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20 Jun '13

You heard what? Communicating well

Posted by T.J. Addington in communication
I am often amazed at what people "hear" compared to what I thought we "said." It is a challenge in any organization (the church being one of the most complex) to communicate in a way that people actually understand what we are trying to communicate. It is not that people don't listen. It is that there are many messages competing for people's attention and the more complex the organization the more attention there needs to be to what and how we communicate.

Organizational trust is very much tied into good communication. When people understand where their leaders are taking them and what is important to the organization trust grows. When they do not, trust diminishes.

The first and most important job of any leader is to clarify for the organization who it is, where it is going and how they are going to get there. Indeed, one of the greatest frustrations of congregations and ministry organizations is the absence of clarity on these critical issues. Congregations and ministries become restless and unhappy in the absence of clarity. They are less concerned about what the direction is than they are about knowing the direction.

Good leaders ask several questions regarding communication on a regular basis.

One: They ask, "What do people need to know?"

People need to know with clarity the mission of the organization, the non-negotiable guiding principles, the culture you desire to create and the central ministry focus (what you do day in and day out to accomplish your mission). They also need to know any key directional changes that you are making (surprises are not welcome). And they need to know where you as a leader want to take the ministry.

Two: They ask "How do I communicate simply and clearly?"

Here is the rule: The more simply and clearly I can communicate what I communicate the better it will be heard. Leaders think carefully before they communicate so that their message is most likely to be heard and understood. Simple and clear communication wins every time. Complex messages will not be understood or are often misunderstood.

That is why I lead from a sandbox where the four sides of the sandbox represent the four most important things those in our organization need to know and live out (The book, Leading From the Sandbox explains the paradigm). Everyone can remember the four sides of our sandbox and if they do, they remember the four most important things for our organization.

This raises a second issue. When leaders do not communicate simply and clearly and when they do not communicate the same thing over and over, clarity is lost to confusion. Good leaders communicate the same key messages over and over and over with the same vocabulary so that the very vocabulary used becomes the vocabulary or short hand of the organization. Ambiguity fosters confusion. Simple clarity fosters understanding.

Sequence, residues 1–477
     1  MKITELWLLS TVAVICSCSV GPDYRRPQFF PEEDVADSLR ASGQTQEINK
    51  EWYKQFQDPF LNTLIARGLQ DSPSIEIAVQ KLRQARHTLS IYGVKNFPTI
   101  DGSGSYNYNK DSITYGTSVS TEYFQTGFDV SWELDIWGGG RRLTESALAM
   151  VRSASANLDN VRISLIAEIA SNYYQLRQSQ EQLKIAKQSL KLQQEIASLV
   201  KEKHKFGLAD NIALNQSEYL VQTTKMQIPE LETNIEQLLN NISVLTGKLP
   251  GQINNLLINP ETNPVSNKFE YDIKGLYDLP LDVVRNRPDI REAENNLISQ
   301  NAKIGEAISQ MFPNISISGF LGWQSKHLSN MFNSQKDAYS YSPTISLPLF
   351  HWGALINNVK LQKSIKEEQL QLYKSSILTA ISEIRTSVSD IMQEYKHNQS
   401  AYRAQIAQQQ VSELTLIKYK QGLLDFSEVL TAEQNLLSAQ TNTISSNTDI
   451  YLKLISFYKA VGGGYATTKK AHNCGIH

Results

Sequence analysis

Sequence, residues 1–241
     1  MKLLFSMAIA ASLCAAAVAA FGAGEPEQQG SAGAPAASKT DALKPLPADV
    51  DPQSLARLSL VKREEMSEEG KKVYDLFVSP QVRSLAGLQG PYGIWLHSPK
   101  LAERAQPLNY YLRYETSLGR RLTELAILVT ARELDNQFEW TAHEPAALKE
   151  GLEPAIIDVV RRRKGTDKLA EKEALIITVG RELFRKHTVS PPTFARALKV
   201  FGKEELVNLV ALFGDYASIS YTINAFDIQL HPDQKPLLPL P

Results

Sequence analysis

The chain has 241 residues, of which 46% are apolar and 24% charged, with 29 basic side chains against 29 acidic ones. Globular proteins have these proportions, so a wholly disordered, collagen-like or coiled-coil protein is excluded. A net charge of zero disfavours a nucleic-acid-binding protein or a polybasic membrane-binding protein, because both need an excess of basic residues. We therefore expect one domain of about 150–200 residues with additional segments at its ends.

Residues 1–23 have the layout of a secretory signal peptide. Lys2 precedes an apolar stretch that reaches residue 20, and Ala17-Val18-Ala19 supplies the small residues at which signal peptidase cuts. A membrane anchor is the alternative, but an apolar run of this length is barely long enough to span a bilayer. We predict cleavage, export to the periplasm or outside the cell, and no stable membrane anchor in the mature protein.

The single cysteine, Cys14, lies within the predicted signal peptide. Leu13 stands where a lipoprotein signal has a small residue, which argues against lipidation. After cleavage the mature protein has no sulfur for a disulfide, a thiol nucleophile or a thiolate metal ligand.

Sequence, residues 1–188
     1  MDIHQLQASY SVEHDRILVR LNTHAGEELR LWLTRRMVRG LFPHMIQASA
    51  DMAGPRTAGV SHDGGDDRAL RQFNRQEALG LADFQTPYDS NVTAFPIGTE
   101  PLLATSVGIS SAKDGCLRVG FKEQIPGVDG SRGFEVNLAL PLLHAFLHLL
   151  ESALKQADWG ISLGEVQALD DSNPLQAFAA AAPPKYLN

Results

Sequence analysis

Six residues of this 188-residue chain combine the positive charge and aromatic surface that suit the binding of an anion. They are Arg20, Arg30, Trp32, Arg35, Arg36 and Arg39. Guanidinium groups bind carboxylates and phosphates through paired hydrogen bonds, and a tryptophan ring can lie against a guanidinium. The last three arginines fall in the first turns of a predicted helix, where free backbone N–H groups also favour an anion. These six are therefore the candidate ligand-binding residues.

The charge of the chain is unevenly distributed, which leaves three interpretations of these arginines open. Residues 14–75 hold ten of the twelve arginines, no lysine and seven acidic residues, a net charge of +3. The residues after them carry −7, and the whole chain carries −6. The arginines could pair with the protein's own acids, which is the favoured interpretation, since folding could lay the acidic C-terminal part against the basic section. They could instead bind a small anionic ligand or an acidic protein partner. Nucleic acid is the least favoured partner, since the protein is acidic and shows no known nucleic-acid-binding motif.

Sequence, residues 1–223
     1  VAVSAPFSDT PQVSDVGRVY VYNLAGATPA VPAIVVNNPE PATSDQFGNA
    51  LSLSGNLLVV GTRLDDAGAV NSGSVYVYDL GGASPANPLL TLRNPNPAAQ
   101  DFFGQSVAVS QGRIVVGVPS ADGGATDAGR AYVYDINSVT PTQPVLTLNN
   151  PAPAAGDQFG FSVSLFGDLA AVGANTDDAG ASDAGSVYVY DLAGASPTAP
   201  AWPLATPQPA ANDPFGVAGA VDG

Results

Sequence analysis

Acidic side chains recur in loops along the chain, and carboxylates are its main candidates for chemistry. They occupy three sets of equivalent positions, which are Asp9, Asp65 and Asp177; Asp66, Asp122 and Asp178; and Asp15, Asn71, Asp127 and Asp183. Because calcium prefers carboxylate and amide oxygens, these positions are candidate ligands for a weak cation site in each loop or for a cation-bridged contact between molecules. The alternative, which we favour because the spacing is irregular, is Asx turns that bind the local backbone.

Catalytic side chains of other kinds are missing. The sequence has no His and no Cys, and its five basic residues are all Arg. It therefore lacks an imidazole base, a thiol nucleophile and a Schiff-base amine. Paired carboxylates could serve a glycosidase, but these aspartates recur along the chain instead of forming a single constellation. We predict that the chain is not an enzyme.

The greatest leaders are those who can communicate complexity with simplicity! It is a skill that can be learned but it takes the discipline of figuring out how to communicate the complexity of your ministry with simplicity. And then stick to it.

Three: they ask: "How can I know if they understood what we said?"

This is a very important question. Good leaders never simply assume that everyone understood what was communicated. Often people hear the message but make their own assumptions about what it means in the framework of how they view the organization. Especially, when leaders are bringing change they need to ensure that people really understand.

There is a simple way to ascertain the level of understanding. Good leaders find forums to dialogue with various staff teams on a regular basis where they again communicate with simple clarity those things the organization needs to know. Then they engage in dialogue, asking questions, answering questions, talking through the implications of what has been communicated.

Through dialogue leaders are able to understand where they are not being understood and therefore hone their message for greater clarity. They are able to clarify what is not clear and they pick up on areas where their people are having a difficult time grasping concepts or ideas.

Through extensive dialogue like this all over the world, I have a fairly good grasp on which issues in our sandbox are well understood and which are fuzzy. That gives me valuable information on where I need to continue to clarify and help simplify complexity.

Leaders communicate well when they are clear, when they simplify complexity, when they consistently communicate the same simple messages and when they dialogue with their people to ascertain what the level of understanding is. And, they never take communication for granted. It will either help them or hurt them in what they are seeking to do.